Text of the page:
Nice work if you can get it.
At every step in our “justice” and prison system, from the monitoring of ankle bracelets to drug testing and the processing of simple fines, companies are making money.
When you add to that equation the private prison industry, which often guarantees to the states they reside in that beds will be filled every month, the result is big business indeed.
A few examples:
Plenty. In the case of Aramark, it provided dangerously unsafe and bug-laden food to some prisoners, and some of its employees smuggled drugs to prisoners and engaged in sex acts with inmates. In fact, Michigan just tossed Aramark out on its ear after these problems were revealed. Its new contract with a private prison food contractor will cost the state an extra $13 milliion, nearly wiping out the $15 million it had expected to save by contracting with Aramark in the first place.
When you add to it the political donations that these companies are providing to candidates … well, it’s easy to see why they’re getting some of the contracts that companies like Corrections Corporation of America and Aramark, among many others, are getting.
The fastest-growing sector of the private prison industry? Immigration. Specifically, many of those seeking asylum here in the United States are housed in prisons that offer the same for-profit services listed above, and much more.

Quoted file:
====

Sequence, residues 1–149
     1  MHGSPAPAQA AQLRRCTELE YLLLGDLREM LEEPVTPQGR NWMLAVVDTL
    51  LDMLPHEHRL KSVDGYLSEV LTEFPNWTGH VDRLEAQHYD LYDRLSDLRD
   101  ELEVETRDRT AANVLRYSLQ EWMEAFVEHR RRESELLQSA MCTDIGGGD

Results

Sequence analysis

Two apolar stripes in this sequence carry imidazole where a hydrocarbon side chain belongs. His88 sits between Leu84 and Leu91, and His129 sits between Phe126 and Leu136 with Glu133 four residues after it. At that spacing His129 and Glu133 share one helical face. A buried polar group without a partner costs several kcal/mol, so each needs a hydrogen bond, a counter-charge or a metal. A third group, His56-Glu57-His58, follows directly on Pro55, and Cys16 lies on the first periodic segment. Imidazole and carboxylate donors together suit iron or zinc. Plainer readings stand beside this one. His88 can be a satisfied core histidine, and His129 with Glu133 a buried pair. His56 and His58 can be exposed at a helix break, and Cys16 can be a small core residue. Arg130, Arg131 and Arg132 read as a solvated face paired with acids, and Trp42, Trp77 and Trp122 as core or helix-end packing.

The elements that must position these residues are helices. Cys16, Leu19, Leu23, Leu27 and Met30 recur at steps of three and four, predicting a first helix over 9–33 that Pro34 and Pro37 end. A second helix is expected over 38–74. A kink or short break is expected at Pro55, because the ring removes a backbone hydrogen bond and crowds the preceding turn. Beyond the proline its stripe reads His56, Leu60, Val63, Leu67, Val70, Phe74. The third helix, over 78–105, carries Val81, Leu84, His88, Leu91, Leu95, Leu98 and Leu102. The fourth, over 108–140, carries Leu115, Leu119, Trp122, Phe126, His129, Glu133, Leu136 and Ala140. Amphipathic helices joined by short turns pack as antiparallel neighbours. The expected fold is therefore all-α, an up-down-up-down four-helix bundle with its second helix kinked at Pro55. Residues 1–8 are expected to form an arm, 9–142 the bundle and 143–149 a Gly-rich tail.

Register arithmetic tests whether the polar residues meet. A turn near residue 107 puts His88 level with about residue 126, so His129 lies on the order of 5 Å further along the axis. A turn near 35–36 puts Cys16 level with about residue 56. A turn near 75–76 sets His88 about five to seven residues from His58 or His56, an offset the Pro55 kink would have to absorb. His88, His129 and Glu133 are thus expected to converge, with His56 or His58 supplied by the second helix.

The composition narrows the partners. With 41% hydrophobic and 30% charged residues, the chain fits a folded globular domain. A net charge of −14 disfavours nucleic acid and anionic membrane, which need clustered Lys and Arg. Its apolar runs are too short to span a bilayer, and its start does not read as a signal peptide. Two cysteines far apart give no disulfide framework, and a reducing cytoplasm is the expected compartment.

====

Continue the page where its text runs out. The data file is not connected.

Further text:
I spoke with Donald Cohen, executive director of In the Public Interest, which supplied most of the data for this story.
“This research underscores just how much private profit there is in every corner of our criminal justice system. Every dollar in profit for the private corrections industry is a dollar that could be invested in building a more moral and cost-effective criminal justice system. To strengthen safety and justice in our communities, we should spend that money on adequate staffing, quality healthcare, and training programs to prepare prisoners for productive lives when they are released.”
The below infographics were created by In the Public Interest, and they illustrate the various paths an individual can take in the criminal justice system, as well as each point at which corporations make money. There are also accompanying data sheets that list the corporations involved, if you wish to dig a little further.